Issue Salience on Twitter During Swedish Party Leaders’ Debates

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Abstract

The objective of this study is to contribute knowledge about formation of political agendas on Twitter during mediated political events, using the party leaders’ debates in Sweden before the general election of 2014 as a case study. Our findings show that issues brought up during the debates were largely mirrored on Twitter, with one striking discrepancy. Contrary to our expectations, issues on the left-right policy dimension were more salient on Twitter than in the debates, whereas issues such as the environment, immigration and refugees, all tied to a liberal-authoritarian value axis, were less salient on Twitter.

Introduction

Political communication today is shaped by complex interactions between media coverage, public opinion and online content in a diversified media landscape. The variety of platforms supplying news and information, as well as the variety of actors involved, has allowed both a diferentiated networked media agenda and a networked public agenda to develop (McCombs et al., 2014). The focal point of this study is how the aggregated networked political agenda on Twitter difers from that of traditional media during mediated political events. Twitter is one of the main platforms disseminating reactions to political broadcasts and discussions of these events are closely connected with political coverage in the traditional media. Reading about party leaders’ debates on social media has become more common than watching them on television and people may read about the debates on Twitter before tuning in to watch (Vaccari et al., 2015). The way mediated electoral events are reflected on Twitter is one aspect of a larger

question about the relationship between social media and media coverage, alongside the issue of their mutual dependence in shaping public opinion processes. The central question is the extent to which the political agenda of traditional media influences the issues raised on social media; we also asked why some issues assume more prominence than others in political discussions on social media.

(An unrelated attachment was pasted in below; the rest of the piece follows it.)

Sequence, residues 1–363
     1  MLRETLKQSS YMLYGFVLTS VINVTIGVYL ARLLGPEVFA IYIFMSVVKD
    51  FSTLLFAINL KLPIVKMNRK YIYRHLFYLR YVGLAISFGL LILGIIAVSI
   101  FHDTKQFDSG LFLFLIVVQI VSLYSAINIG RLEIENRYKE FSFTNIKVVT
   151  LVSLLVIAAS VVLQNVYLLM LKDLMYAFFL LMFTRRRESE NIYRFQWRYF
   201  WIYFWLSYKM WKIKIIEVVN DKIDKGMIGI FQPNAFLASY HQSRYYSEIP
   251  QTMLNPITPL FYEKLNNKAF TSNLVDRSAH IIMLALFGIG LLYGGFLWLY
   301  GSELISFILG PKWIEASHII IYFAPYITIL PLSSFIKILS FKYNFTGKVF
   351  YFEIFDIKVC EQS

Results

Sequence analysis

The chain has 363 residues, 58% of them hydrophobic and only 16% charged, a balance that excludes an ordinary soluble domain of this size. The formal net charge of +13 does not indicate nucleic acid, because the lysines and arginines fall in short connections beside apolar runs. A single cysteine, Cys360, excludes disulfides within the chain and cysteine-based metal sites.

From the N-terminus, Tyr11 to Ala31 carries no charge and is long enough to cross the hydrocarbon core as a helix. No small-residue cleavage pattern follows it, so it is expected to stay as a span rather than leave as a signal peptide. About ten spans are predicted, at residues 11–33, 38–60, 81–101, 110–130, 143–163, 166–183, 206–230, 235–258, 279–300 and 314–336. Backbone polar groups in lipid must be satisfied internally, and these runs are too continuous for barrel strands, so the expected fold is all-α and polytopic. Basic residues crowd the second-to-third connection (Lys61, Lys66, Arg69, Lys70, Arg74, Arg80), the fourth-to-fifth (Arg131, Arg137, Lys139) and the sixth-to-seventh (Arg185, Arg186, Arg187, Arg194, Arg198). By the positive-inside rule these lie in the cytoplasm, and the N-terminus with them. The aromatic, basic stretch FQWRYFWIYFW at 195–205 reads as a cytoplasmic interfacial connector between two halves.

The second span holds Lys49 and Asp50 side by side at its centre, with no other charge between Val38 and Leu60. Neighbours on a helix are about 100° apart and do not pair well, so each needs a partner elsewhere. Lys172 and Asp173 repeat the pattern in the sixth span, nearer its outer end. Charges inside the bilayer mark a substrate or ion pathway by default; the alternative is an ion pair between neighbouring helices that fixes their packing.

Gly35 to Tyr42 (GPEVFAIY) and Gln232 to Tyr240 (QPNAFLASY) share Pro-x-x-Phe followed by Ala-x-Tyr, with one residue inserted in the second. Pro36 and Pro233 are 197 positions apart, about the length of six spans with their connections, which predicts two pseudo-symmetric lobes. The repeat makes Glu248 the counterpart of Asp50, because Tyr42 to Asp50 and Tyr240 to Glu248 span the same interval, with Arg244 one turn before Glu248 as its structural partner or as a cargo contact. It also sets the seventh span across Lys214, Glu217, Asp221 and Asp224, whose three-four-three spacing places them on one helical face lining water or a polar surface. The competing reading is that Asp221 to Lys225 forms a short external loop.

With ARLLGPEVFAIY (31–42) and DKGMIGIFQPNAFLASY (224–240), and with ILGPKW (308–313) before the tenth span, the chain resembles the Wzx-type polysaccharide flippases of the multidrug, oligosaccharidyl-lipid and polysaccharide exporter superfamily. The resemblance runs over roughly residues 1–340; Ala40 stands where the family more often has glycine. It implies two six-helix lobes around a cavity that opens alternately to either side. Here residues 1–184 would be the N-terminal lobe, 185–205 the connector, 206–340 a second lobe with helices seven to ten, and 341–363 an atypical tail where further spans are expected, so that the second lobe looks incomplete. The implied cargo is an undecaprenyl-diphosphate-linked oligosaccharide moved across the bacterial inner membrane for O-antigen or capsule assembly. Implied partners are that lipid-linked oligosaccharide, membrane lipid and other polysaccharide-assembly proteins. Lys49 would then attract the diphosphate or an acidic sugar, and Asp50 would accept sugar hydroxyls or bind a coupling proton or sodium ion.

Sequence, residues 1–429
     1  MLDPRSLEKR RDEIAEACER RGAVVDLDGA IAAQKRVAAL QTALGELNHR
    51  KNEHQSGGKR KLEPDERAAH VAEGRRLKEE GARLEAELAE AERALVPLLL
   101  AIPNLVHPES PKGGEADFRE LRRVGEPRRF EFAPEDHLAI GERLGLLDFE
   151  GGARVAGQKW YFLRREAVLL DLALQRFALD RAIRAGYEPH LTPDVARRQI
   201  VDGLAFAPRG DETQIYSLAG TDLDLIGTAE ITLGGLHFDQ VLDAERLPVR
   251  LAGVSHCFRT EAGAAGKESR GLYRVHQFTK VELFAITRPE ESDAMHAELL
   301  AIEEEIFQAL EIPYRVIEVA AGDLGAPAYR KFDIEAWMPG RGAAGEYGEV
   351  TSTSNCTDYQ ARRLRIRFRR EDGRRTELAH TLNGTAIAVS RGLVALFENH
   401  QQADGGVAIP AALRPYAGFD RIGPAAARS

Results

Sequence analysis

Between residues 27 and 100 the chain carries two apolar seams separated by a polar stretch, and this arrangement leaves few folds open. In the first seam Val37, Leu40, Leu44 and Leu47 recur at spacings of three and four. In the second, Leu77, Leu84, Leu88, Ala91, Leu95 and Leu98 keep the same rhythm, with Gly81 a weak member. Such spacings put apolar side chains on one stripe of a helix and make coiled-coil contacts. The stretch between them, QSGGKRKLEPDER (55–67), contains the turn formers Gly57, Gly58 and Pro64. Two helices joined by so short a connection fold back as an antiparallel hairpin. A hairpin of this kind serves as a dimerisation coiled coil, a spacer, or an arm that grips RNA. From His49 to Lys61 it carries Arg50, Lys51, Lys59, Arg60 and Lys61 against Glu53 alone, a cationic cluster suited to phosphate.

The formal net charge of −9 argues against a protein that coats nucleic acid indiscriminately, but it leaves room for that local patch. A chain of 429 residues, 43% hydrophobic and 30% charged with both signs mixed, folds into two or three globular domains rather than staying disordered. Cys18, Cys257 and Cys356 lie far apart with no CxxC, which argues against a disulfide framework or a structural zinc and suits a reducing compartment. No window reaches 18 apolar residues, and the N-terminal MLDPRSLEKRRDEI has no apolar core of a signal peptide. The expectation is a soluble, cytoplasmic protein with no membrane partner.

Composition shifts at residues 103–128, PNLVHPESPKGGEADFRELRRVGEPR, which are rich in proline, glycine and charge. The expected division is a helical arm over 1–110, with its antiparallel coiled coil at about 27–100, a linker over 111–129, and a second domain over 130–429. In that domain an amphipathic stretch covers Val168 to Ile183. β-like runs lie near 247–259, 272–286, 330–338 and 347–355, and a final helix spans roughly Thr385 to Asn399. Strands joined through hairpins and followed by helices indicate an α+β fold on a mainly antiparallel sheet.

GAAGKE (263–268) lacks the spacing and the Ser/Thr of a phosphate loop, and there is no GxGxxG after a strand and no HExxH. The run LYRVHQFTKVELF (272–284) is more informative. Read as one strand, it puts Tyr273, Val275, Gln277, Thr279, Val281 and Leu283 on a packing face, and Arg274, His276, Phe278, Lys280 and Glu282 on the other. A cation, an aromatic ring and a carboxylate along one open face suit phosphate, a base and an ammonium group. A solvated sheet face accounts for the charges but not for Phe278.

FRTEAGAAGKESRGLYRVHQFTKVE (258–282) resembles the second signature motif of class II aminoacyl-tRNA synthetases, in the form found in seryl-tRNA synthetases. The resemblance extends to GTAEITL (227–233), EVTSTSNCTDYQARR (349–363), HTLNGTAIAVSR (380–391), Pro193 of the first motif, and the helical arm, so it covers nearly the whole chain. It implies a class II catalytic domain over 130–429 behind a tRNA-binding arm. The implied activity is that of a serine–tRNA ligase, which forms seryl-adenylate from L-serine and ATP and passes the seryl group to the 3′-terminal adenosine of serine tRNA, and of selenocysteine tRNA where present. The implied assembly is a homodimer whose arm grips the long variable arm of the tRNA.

The socioeconomic cleavages that used to dominate party competition and form the main political dimension have become less relevant (Kitschelt, 1994, 1995). Instead, issues such as immigration and environment are becoming more salient and more important to the electorate. There is as yet no clear understanding of how the rise of these issues resonates in the social media environment, which has a different audience than traditional broadcasting. The extent to which the logic behind political communication on social media and the political preferences of those who discuss politics on Twitter might favour some issues over others is therefore an important question to address. Coverage of mediated events such as party leaders’ debates tends to be largely mirrored on Twitter (Kalsnes et al., 2014; Vergeer & Franses, 2016), but the extent to which there exist systematic deviations has not been examined in previous studies. In this study we compared newly salient political issues, such as the environment, immigration and refugees, with issues linked to the traditional left-right dimension to evaluate their relative potential to generate discussion on Twitter.

We analysed the relationship between the agenda of televised party leaders’ debates and salience of issues on Twitter by comparing the issues addressed in two debates prior to the 2014 general election in Sweden with the salience of the same issues in debates on Twitter. The political issues addressed in the debates were identified in messages on Twitter over the same time period and these data provided the empirical basis for our comparison of political agendas. We addressed the following research questions: (1) How did the discussions of political issues on Twitter deviate from the televised debate in terms of temporal dynamics and amount of attention? (2) Did the amount of attention given to issues on the different policy dimensions (the liberal-authoritarian and the traditional left-right dimension) differ when the two media formats are compared; that is, were issues on either of the two dimensions more salient on Twitter than in the debates?

Sweden has a multiparty system, including parties that mainly compete on a left-right dimension and newer parties such as the Green party and populist radical right parties, so it provides an interesting context in which to study the response to the issues that were addressed in the debates. Later in the text we provide a more detailed discussion of the case of Sweden, but first we address the notion of issue salience and how intermedia issue salience might take form on social media during mediated electoral events.